The Lafayette Escadrille: A Photo History of the First American Fighter Squadron

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The Lafayette Escadrille was an all-volunteer squadron of Americans who flew for France during World War I. One hundred years later, it is still arguably the best-known fighter squadron ever to take to the skies. In this work the entire history of these gallant volunteers―who named themselves after the Marquis Lafayette, who came to America’s aid during its Revolution―is laid out in both text and pictorial form. In time for the centennial celebration, this work not only tells the fascinating story of the Lafayette Escadrille, it shows it. Already a student of the squadron, the author spent a full year sifting through university and museum archives in the United States and France for photographs and documents relating to the famed unit. To complement these images, he traveled extensively, taking snapshots of existing markers and memorials honoring the men of the Lafayette Escadrille. In France, he specifically sought out locations where the squadron operated and its pilots frequented. In several cases, he was able to match his present-day color photos with contemporary images of the same scene, thus creating a jaw-dropping then-and-now comparison. To add even more color, the author included artwork and aircraft profiles by recognized illustrators, along with numerous full-color photographs of artifacts relating to the squadron's men and airplanes, as they are displayed today in various museums in the United States and France. The result is undoubtedly the finest photographic collection of the Lafayette Escadrille to appear in print. Along with the expert text revealing air-combat experiences as well as life at the front during the Great War, it is a never-before-seen visual history that both World War I aviation aficionados and those with a passing interest in history will appreciate.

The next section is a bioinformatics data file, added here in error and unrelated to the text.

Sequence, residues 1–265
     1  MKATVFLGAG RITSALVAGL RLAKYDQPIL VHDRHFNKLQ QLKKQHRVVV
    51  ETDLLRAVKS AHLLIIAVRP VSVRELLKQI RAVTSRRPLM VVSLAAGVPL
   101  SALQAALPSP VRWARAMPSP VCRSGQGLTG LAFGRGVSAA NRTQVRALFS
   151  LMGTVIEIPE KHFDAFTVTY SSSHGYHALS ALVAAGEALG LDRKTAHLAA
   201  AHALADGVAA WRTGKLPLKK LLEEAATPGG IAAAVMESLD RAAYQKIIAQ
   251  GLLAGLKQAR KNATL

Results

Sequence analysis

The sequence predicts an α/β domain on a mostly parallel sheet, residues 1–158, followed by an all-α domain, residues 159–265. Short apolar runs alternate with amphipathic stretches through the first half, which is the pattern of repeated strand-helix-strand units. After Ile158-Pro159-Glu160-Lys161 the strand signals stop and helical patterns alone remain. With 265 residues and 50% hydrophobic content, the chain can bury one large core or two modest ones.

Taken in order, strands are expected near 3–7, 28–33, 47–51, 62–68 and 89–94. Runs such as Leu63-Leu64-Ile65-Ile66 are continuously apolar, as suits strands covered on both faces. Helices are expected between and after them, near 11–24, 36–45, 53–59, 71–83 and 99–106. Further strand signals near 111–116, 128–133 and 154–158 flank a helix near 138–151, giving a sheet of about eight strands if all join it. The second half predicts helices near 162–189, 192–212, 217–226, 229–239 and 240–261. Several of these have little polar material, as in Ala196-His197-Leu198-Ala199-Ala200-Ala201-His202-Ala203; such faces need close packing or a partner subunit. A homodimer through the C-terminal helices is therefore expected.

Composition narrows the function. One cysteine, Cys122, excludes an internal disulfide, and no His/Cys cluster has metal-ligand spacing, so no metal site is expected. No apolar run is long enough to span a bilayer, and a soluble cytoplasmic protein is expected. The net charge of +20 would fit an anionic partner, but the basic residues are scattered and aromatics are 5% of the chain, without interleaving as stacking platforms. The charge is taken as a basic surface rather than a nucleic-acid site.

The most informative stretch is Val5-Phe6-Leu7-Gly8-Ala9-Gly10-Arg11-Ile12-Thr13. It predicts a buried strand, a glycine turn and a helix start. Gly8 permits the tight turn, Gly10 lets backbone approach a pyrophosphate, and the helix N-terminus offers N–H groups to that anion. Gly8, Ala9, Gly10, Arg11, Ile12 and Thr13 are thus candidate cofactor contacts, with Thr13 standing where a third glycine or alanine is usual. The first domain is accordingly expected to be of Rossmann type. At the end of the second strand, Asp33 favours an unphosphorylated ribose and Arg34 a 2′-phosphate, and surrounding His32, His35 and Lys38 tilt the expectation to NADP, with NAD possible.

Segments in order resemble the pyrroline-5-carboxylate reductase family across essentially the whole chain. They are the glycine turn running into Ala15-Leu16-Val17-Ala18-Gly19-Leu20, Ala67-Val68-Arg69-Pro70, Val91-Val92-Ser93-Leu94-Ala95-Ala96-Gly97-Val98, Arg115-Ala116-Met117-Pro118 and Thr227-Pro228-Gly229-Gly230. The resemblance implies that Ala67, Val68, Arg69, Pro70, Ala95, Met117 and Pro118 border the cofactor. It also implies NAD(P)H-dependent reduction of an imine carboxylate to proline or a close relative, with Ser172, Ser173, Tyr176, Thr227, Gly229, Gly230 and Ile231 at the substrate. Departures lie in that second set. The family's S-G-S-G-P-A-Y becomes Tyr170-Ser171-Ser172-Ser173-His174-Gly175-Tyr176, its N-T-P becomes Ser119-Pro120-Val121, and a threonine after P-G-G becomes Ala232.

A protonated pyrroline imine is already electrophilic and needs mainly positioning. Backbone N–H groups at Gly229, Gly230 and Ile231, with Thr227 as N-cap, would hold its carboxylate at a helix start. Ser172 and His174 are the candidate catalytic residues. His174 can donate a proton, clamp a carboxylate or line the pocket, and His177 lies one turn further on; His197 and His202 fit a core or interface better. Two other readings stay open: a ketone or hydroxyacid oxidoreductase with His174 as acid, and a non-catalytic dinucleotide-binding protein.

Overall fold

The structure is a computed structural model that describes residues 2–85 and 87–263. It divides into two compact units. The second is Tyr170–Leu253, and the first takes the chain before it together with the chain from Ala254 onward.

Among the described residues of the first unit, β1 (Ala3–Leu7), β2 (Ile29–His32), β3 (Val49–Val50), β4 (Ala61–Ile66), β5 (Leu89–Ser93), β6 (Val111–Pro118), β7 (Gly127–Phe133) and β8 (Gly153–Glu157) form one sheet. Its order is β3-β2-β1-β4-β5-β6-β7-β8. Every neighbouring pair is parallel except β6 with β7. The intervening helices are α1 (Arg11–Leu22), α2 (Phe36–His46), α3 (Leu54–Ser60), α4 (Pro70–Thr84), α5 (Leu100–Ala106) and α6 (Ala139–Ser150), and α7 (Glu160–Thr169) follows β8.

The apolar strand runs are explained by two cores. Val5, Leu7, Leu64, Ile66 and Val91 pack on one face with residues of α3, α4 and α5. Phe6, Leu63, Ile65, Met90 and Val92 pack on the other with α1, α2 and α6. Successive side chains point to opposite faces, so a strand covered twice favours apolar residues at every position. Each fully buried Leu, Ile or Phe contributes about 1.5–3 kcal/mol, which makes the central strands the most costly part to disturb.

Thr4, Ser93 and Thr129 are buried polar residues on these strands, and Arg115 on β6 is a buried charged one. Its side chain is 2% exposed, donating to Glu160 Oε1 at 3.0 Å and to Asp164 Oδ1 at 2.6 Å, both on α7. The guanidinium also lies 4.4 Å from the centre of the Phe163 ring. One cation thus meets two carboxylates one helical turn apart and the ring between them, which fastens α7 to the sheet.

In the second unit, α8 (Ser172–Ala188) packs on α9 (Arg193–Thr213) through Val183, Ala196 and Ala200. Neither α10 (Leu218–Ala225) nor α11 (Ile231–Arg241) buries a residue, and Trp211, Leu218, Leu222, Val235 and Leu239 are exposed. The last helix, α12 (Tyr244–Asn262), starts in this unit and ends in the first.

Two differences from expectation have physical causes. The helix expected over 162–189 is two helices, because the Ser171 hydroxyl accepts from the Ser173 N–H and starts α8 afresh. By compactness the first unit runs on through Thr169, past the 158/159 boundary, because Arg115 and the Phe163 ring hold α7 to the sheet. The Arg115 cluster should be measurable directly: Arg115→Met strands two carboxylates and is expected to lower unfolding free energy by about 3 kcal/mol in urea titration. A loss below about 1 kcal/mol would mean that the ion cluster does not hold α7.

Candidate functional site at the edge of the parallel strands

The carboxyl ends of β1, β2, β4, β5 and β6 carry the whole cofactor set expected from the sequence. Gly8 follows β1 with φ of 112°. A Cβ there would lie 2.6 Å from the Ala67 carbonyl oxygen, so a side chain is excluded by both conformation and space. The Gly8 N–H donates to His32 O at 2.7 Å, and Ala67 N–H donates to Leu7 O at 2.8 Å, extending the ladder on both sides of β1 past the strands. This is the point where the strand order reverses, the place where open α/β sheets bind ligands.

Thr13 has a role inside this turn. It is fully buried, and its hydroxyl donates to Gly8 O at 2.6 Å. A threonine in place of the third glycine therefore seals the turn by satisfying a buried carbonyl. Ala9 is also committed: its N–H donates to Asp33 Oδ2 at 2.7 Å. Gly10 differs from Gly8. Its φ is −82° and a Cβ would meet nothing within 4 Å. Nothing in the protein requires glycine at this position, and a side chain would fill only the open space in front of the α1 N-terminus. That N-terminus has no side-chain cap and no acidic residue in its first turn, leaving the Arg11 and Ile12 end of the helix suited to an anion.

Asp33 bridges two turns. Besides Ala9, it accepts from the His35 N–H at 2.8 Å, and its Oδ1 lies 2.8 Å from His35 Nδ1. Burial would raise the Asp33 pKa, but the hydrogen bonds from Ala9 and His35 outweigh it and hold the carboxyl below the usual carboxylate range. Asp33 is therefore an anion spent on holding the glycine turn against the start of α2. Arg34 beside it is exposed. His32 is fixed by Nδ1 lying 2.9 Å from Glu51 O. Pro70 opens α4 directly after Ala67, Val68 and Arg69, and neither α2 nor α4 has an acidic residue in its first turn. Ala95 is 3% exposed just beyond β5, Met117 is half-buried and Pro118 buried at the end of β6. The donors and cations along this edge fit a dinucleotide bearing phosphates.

SPAD VII vs Albatros D III: 1917–18 (Duel)

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When originally conceived, the French SPAD VII and German Albatros D II represented steps away from an emphasis on maneuver in aerial combat in favor of speed and durability – factors that came into play in hit-and-run tactics. At the end of 1916, however, Albatros tried to have the best of both worlds by incorporating the sesquiplane wing of the nimble Nieuport 17 into its D III. The result combined the better downward view and maneuverability of the Nieuport with the power and twin machine guns of the Albatros D II, but at a high price – a disturbing tendency for the single-spar lower wing to fail in a dive.